National Catholic Reporter
The Independent Newsweekly
Issue Date:  October 17, 2003

Pope John Paul II kisses the hand of Archbishop Rowan Williams of Canterbury following their meeting at the Vatican Oct. 4. Williams wore the ring given to a predecessor, Archbishop Michael Ramsey, by Pope Paul VI.
-- CNS/Catholic Press Photo
Pope Paul's gift marked moving moment of ecumenical drama

When Paul VI famously gave his ring to the then-Archbishop of Canterbury Michael Ramsey on March 24, 1966, there were no TV cameras to record the event, no photographers standing by. That’s a pity, because the exchange marked one of the most moving chapters in the modern ecumenical drama.

Anglican Fr. John Andrew, however, was one of two witnesses to the exchange, and on Oct. 4 he told NCR the full story.

The night before, March 23, Paul VI had dispatched a member of the papal household to the Venerable English College on Via di Monserrato to find Andrew, who was then Ramsey’s private secretary. The pope wanted to give the ring he had worn as cardinal archbishop of Milan to Ramsey, the messenger said. He wanted to know if the archbishop should be forewarned, or should it be a surprise?

Andrew consulted another aide, and both agreed: Let it be a surprise.

The next morning, Pope Paul and Archbishop Ramsey led an ecumenical liturgy in Rome’s Basilica of St. Paul’s-outside-the Walls. In telling symbolism, they entered side by side and sat on the same level, close to each other. They also signed a “Common Declaration,” affirming their desire that “all those Christians who belong to these two communions may be animated by these same sentiments of respect, esteem and fraternal love.”

After the ceremony was over, Paul VI pulled Ramsey aside to show him some frescoes on an interior wall of the basilica. As Ramsey gazed up, Paul asked him, in his rather accented English, to remove his ring. Ramsey didn’t understand, so he turned to Andrew, who said: “Take off your ring.”

Ramsey did, handing it to Andrew.

Paul VI then took Ramsey’s right hand and placed the green and gold ring, with a cross in the center and four diamonds around it, on his finger. Ramsey paused a moment, allowing the significance of the gesture to sink in: The Bishop of Rome was, in effect, recognizing him as a fellow member of the episcopate, and in some sense the church he led as a “sister” to the church of Rome.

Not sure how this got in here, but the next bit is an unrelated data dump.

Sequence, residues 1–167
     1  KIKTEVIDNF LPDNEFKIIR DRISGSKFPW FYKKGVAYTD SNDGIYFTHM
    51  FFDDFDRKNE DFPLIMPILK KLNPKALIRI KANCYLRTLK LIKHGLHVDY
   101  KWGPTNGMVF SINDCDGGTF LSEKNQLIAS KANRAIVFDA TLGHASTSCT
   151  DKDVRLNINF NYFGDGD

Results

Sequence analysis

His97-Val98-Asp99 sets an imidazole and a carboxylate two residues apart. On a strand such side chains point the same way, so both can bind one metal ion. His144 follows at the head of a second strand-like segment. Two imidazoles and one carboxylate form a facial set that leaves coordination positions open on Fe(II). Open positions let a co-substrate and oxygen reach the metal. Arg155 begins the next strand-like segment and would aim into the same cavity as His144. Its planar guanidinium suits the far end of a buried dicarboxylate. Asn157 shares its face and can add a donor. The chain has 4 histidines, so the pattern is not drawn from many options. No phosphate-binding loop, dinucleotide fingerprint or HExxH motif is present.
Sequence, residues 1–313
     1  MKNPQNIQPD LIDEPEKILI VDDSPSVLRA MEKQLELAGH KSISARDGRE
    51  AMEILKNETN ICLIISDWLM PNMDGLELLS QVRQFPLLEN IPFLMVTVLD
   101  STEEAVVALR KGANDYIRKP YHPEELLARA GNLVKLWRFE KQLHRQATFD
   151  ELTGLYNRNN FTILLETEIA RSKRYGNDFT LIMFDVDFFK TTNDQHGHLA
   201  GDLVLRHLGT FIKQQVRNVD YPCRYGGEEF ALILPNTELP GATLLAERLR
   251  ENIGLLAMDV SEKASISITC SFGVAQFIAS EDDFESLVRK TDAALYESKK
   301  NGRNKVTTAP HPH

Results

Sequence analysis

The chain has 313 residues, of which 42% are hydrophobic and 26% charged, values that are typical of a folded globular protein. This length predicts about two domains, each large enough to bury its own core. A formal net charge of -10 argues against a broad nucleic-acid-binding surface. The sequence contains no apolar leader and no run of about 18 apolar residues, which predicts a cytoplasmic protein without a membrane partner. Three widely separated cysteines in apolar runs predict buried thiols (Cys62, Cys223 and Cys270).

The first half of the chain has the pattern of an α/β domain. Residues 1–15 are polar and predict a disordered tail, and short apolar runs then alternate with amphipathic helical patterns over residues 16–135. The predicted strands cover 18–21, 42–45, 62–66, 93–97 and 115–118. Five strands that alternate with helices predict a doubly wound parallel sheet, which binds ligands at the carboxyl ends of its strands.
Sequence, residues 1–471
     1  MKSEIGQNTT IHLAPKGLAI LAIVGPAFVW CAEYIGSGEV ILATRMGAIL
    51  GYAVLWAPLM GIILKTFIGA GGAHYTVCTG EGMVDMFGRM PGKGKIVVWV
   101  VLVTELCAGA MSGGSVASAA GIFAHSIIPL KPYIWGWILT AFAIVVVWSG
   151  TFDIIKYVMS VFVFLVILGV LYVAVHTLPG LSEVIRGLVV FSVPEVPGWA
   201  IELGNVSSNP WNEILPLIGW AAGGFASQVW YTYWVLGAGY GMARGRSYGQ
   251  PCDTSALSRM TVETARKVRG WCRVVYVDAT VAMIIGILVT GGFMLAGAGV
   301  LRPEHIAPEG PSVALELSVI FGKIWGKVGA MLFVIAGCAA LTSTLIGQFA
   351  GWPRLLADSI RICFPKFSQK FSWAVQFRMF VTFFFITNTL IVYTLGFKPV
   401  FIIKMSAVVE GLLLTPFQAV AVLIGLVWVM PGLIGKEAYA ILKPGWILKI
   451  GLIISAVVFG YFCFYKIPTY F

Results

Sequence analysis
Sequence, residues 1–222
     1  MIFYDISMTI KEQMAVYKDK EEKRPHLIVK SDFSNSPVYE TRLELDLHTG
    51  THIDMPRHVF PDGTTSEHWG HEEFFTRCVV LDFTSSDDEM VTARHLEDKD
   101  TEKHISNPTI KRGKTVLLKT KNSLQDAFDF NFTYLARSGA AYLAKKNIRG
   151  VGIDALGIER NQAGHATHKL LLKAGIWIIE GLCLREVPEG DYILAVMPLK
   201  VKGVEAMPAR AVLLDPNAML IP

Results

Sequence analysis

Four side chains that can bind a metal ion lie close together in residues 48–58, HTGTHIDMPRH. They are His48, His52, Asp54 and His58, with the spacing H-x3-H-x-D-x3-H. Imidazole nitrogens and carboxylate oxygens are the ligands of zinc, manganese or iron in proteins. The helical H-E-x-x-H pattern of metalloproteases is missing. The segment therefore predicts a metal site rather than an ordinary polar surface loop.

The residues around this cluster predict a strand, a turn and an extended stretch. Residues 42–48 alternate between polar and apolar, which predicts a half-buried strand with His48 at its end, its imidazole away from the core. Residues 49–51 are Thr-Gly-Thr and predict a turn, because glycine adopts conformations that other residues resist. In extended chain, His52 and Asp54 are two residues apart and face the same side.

Ramsey burst into tears. Paul reached out and embraced him, and for a moment, the two men stood in each other’s arms, almost alone within the immense basilica.

Ramsey then said his tearful farewell to Pope Paul. Andrew suddenly realized that he had a protocol problem, because he too had to take his leave of the pope, who now had no ring to kiss. Andrew knelt, gathered both papal hands, and kissed them. Paul then put his hands on Andrew’s cheeks, gently lifting him to a standing position, and bade goodbye.

Ramsey wore Pope Paul’s ring for the rest of his life. It subsequently became the property of Lambeth Palace in Canterbury, and it is the custom of archbishops of Canterbury to wear the ring when they visit the pope.

Two footnotes to the story:

On the night of the 24th, Paul VI’s messenger once again appeared at Andrew’s door at the English College. “The pope found the box for his ring,” the messenger said, “and asked that I bring it to you.”

Andrew’s response was unhesitating.

“I know my archbishop will wear that ring until the day he dies,” Andrew said. “He’ll never need this box, so if you don’t mind, I’m going to keep it.”

The messenger smiled.

“That’s what the pope thought,” he said. “That’s why he had me bring it to you.”

Andrew, who is now retired after serving as rector of St. Thomas Anglican Church in New York, had never met Rowan Williams, the current archbishop of Canterbury, prior to his Oct. 3-5 visit to Rome. They two men greeted each other at a reception at Doria Pamphili Palace, where Andrew recounted this story for Williams. He then asked to see the ring, which Williams had put on for the first time for his visit to John Paul II.

Andrew kissed the ring.

“That’s for my dear Michael,” he told Williams.

-- John L. Allen Jr.

National Catholic Reporter, October 17, 2003

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